The first research companies arrived in the mid-’60s; other types of defense contractors soon followed. Fifteen years later came the Reagan Revolution and the conservative crusade to shrink government. That led to the wide-scale outsourcing of work previously handled by federal employees. From 1980 to 2000, according to George Mason University, Uncle Sam’s spending on Washington-area contractors ballooned more than six-fold, to $29 billion a year. It was upon this pile of cash that Tysons Corner as we know it was born.
By the late 1980s, Tysons was the fastest-growing white-collar job market in North America and Europe for four straight years, according to Edge City, a cultural history of US suburbs written by Joel Garreau. Eager to embrace this surge in new workers, Fairfax County welcomed developers to pave over grasslands and throw up office towers. Cars by the tens of thousands filled employee parking lots, and just as Ted Lerner predicted, shoppers from all over the Beltway flocked to Tysons Corner Center, the mall his firm opened in 1968.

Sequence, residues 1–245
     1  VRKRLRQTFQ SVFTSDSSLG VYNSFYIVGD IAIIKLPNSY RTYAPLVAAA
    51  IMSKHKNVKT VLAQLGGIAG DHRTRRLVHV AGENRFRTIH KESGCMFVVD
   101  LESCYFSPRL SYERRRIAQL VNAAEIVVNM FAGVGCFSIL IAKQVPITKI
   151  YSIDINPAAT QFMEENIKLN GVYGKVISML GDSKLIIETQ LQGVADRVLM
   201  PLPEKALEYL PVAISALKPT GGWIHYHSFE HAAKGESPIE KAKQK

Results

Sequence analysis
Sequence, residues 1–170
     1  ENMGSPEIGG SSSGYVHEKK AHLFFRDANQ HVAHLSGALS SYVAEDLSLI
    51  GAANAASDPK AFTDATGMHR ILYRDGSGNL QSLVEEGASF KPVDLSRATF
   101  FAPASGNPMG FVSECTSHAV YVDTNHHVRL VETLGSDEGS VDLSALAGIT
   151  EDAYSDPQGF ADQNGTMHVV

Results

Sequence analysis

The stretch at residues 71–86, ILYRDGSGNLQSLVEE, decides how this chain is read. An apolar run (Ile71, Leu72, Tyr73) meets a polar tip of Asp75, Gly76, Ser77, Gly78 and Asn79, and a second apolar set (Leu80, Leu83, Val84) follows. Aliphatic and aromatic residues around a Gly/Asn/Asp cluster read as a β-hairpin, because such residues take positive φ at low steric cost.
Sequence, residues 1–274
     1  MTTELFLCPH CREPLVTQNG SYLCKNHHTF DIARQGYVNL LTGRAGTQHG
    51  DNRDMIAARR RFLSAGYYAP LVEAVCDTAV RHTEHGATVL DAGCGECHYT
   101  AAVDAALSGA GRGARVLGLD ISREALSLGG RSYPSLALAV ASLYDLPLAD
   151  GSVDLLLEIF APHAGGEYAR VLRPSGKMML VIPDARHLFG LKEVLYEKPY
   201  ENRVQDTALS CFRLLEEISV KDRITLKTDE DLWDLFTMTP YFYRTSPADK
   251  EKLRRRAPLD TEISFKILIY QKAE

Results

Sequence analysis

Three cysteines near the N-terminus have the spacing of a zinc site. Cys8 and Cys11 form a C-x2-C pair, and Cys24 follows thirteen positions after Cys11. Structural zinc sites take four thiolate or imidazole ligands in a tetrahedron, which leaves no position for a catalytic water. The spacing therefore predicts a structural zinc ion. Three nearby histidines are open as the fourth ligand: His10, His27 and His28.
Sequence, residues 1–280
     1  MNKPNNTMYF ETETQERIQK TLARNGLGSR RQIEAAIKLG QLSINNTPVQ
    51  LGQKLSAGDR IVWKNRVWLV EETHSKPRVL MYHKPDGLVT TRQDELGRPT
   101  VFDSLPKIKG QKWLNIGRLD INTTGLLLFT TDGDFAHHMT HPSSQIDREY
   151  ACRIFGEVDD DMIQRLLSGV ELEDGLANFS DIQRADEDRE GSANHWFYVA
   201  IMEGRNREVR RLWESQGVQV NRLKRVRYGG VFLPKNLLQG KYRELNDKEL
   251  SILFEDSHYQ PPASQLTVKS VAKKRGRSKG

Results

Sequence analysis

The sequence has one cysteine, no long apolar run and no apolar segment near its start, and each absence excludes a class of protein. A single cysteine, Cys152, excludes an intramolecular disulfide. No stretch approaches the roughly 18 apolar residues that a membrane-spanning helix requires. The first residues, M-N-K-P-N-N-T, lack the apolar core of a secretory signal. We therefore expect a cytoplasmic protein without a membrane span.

But in their frenzy for investment returns and new tax revenue, developers and politicians neglected to plan for anything resembling a community. Tysons had very few houses or apartment buildings, given its massive workforce, and its tiny residential population couldn’t support parks or restaurants, let alone schools. As a result, even as Tysons matured into an economic triumph, nobody actually wanted to live there.
The so-called edge city was a soul-sucking and chaotic jumble of used-car lots, strip malls, and office complexes. It had 167,000 parking spaces crammed into four square miles of land. And because the army of workers at Tysons operated on identical commuting clocks, its rush-hour traffic was among the region’s most horrific. By the beginning of the 21st century, Tysons had become a shrine to anonymous suburban sprawl. Or, as Clark Tyler puts it, “the blob that ate Northern Virginia.”
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It was Tyler’s job to help shape the blob into a full-fledged city. In 2006, Virginia congressman Gerry Connolly, who was then chairing the Fairfax County Board of Supervisors, tapped Tyler to head the committee to transform Tysons. A retired consultant with Leidos, a defense contractor in Reston, Tyler had zero experience in urban planning or real-estate development. But after living in the county for almost a half century, he understood that something radical needed to be done. Tysons would “kill you if it keeps going the way it is,” he says.